It would be tempting to say that the Obama administration left Alaska a lump of coal this week — but finding a lump of coal would require resource extraction that the outgoing administration clearly isn’t interested in pursuing.
On Tuesday, President Barack Obama used his executive powers to withdraw most U.S. waters in the Arctic Ocean from future lease sales, as well as certain areas off the Atlantic coast. Whether the next president is able to reverse the decision remains to be seen; proponents of exploration point to a 2008 decision from President George W. Bush to make previously withdrawn areas available for leasing while environmental advocacy groups promise a court fight. Alaska’s congressional delegation vowed to work with the next administration on reversing the decision.
Canada is taking similar action in the Arctic, though it’s worth noting Prime Minister Justin Trudeau’s government has placed a moratorium on new oil and gas leases subject to period review — not a permanent ban.
In the short term, the decision doesn’t change much in Alaska. The Arctic Ocean is a difficult environment in which to drill — to say the least — and between disappointing results, regulatory uncertainty and the low price of oil, Shell walked away from all but one of its leases in the Beaufort and Chukchi seas earlier this year. So even as the state looks desperately for the next big find to fill the pipeline, it wasn’t likely to come from the Arctic Ocean any time soon.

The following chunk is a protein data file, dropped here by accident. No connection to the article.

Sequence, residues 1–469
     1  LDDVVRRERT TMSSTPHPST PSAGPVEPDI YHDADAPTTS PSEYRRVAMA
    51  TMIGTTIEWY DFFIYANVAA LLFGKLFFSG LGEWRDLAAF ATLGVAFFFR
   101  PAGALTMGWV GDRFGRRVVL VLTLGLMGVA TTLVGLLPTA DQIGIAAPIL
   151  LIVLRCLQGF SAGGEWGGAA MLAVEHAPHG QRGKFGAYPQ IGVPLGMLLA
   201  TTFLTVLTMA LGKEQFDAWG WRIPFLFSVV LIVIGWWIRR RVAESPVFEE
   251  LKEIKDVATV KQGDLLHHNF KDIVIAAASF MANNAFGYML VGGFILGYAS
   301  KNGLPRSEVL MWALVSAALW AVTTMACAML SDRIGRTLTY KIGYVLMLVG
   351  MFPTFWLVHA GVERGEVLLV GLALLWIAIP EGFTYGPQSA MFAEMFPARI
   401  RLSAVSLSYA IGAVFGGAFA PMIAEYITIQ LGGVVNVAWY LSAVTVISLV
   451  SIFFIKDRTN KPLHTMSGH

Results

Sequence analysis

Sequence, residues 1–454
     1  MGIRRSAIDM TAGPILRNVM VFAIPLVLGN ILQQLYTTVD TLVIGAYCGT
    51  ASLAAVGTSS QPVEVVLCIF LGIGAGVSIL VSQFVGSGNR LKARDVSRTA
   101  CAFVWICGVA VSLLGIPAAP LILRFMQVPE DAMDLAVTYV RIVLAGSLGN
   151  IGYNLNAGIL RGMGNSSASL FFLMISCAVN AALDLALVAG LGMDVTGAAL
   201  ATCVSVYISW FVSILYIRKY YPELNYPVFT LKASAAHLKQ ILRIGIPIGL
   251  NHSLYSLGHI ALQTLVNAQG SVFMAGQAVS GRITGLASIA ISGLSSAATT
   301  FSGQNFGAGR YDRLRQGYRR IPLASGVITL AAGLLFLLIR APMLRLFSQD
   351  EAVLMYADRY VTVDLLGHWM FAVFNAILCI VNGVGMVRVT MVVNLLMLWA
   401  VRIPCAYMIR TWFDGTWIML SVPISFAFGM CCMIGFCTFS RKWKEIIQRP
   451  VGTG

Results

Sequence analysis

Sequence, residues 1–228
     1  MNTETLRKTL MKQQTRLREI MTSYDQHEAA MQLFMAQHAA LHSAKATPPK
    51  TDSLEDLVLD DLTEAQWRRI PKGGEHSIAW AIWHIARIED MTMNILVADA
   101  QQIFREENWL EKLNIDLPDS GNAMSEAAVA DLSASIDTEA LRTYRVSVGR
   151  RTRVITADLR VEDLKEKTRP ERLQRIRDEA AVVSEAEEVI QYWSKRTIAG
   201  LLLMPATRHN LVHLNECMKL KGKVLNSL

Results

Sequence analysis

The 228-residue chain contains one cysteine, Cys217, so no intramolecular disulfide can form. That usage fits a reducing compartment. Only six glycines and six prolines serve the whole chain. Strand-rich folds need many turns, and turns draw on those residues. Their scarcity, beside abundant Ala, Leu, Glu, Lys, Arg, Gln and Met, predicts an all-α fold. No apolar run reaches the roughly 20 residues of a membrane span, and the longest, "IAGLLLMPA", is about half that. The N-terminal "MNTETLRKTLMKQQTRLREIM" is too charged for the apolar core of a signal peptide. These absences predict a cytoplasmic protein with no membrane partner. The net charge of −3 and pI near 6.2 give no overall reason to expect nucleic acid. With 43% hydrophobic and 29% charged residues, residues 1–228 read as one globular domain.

The long term effects — should the decision not be quickly reversed — have the potential for a much greater impact in Alaska. As we noted, resource extraction in the Arctic isn’t easy to start with, and throwing up more roadblocks to development or making more land off limits doesn’t give the industry much incentive to make a long-term investment here.
Certainly, we think the U.S. should continue to pursue alternative energy sources, and we agree that the Arctic needs environmental protection.
Where we disagree is with the notion that oil and gas exploration and development can’t be done in an environmentally responsible manner, or that the entire Arctic needs to be treated as a nature preserve.
The United States will continue to rely on oil and gas to meet its energy needs for decades to come, and we would much rather see those resource needs met from within our own country, where we can ensure responsible development with reasonable oversight, instead of politically unstable regions like the Middle East, or political adversaries, like Russia.
President-elect Donald Trump has made clear his goal U.S. energy self-sufficiency, and his Cabinet nominees would appear poised to reverse a number of Obama administration policies. We hope that a responsible approach to exploration and development is part of the plan.